When this book was suggested by one of my online dealers, it seemed they not only knew me, but cared deeply about what I was reading.  I felt warm, well cared-for, optimistic that, when I come to a place of having “nothing to read,” I would be aided in that moment by a benevolent guide who could know my plight and shine a light in a darkened moment.  The title of this volume suggested that it would begin to speak back to the “presently” (even though the practice has been around since the beginning of religion) popular pastime of the vehement, bombastic, uncritical destructing of faith in general and Christianity in particular.  Here was a voice that would be a rational, steady, well documented and easily comprehended retort to that particular activity.  Reading it brought to light the reality that, while Dr. Hart’s passion is evident, his present book is overly enthusiastic and under documented. In the preface, the author outlines the process of what is to follow; this is to be an essay, rather than a book and more of one dealing with Church History than theology.  With those parameters set he opens the book with a first paragraph that sets the mood for what follows.  In the neighborhood where I grew up, had someone spoken to another in the manner Dr. Hart chooses to speak in the opening moments, those would have been considered “fightin’ words.”  He names authors, books, articles of the “faith questioning camp” with surprising viciousness and insult.   The following chapters address the various arguments posited by present day “atheist” authors.  He is careful to site how those authors have missed-led or down right lied to their readers or have ignored/been ignorant of history as it pertains to the benefit Christianity has had on culture, many of the sciences, philosophy and politics.  This is a plus, what detracts from his astute observations are his own use of innuendo, lack of documentation (for a history book that speaks of people, places and times, he has less than 7 pages of notes in support of his “facts;” for a historian, if it cannot be documented, it is opinion, not fact) and his use of near libelous language in stating his case. I was very disappointed in the writing of this book.  Faith is matter of deeply personal matters.  I believe that everyone has faith (atheists have faith that what science/rationality/their heart tells them is true).  I have been given the gift of believing and the gift/responsibility for being a rational being.  I cannot “prove” why I have faith, but neither can I cease to believe.  God, as I understand that Being has endowed me with the ability to reason and be responsible with that rationality to the betterment of all, even if “all” at that moment is but one person.  When one as learned as is Dr. Hart shoulders the task of speaking back to those who (apparently) dishonestly besmirch faith, it would be of immense help to recall the biblical admonition found in Proverbs 15:1 “A gentle answer turns away wrath, but a harsh word stirs up anger.”  His seeking to answer his counterpoint in the same language as he is addressed only underscores the detractor’s argument that “faith is of little affect,” for in so speaking, he shows himself to have been little changed by his faith. May I be passionate in my belief, honoring of others “disbelief” and able to speak with both in my discussion of either.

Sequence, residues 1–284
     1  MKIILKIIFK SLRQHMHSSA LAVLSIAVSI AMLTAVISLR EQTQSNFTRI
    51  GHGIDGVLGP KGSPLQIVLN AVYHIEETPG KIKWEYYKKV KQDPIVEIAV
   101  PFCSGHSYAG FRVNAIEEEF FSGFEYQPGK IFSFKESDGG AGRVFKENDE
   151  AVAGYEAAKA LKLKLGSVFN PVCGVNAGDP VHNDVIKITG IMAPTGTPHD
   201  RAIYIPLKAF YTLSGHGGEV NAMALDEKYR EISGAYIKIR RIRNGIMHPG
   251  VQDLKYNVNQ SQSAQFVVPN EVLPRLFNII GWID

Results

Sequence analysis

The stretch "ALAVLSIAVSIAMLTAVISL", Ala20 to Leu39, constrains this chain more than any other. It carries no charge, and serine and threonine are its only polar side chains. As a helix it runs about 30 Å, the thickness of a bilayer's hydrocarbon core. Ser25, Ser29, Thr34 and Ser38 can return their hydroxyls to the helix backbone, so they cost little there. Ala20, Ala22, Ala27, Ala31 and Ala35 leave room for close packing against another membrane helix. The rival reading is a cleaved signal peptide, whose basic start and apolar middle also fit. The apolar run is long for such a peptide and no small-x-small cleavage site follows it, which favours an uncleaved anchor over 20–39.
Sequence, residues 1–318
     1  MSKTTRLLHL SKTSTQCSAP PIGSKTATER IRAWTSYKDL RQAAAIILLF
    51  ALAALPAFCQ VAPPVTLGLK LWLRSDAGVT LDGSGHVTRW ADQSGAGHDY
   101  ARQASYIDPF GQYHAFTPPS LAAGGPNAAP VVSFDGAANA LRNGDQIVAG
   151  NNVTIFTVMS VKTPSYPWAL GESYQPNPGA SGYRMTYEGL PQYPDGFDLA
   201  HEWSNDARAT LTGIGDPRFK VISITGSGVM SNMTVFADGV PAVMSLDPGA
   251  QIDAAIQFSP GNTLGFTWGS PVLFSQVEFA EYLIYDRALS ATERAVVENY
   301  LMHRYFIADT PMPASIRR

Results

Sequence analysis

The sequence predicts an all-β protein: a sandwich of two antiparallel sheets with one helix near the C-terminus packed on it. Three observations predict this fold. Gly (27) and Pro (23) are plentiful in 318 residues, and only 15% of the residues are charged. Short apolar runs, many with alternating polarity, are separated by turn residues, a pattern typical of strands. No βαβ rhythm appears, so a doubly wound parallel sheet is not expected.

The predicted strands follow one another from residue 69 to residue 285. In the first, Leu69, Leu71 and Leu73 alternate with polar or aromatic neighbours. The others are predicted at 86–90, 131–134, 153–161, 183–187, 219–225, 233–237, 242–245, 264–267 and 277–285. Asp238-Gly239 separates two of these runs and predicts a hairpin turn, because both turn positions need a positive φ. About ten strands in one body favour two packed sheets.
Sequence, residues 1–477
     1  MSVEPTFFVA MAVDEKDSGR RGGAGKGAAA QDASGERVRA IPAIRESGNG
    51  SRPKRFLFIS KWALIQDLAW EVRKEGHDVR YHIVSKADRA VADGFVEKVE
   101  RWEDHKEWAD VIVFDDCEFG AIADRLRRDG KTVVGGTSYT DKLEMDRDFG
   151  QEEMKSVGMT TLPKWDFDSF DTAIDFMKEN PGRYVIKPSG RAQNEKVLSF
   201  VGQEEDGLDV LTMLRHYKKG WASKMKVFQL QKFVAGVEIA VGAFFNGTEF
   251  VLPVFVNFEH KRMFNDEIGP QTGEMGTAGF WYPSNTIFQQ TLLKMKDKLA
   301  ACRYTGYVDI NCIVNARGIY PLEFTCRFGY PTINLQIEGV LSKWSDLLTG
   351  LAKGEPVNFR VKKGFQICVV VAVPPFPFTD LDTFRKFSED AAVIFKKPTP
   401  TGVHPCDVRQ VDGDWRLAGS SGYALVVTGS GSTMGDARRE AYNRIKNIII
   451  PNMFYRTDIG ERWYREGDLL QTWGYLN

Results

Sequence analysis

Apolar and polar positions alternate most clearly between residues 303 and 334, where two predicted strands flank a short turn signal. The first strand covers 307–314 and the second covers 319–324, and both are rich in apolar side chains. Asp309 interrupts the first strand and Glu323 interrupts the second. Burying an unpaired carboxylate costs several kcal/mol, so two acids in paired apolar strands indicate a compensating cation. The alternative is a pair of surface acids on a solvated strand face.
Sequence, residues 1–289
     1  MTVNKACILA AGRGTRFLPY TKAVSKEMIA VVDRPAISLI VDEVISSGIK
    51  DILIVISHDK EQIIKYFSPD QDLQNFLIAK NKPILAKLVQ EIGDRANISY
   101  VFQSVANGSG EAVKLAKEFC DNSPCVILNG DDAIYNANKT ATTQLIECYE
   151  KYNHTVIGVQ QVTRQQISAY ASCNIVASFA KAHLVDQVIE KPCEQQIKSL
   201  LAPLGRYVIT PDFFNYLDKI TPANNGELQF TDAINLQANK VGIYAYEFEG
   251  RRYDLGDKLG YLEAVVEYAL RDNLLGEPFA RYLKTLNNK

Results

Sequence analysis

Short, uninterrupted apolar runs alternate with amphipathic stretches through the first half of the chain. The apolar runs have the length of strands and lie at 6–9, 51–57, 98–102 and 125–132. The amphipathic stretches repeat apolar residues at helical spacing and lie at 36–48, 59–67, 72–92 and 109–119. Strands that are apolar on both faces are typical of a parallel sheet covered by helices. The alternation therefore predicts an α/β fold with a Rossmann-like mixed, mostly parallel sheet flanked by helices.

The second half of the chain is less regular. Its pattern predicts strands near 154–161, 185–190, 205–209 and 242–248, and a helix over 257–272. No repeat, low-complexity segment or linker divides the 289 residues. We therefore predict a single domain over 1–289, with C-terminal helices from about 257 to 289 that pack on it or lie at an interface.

macprof More than 1 year ago